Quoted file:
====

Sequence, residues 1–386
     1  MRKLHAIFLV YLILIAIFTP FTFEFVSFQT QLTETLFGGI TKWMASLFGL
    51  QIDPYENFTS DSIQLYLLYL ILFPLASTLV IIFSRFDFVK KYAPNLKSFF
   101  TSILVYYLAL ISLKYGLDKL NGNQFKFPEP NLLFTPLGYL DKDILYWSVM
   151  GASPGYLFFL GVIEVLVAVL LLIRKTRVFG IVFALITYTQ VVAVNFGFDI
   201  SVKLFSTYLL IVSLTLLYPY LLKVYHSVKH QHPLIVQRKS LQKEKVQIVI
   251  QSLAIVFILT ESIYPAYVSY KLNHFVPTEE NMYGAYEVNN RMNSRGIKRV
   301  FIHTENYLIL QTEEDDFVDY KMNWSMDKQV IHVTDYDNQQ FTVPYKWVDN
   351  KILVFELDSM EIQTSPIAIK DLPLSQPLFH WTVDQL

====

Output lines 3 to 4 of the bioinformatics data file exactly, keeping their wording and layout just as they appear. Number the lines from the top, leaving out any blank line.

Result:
    51  QIDPYENFTS DSIQLYLLYL ILFPLASTLV IIFSRFDFVK KYAPNLKSFF
   101  TSILVYYLAL ISLKYGLDKL NGNQFKFPEP NLLFTPLGYL DKDILYWSVM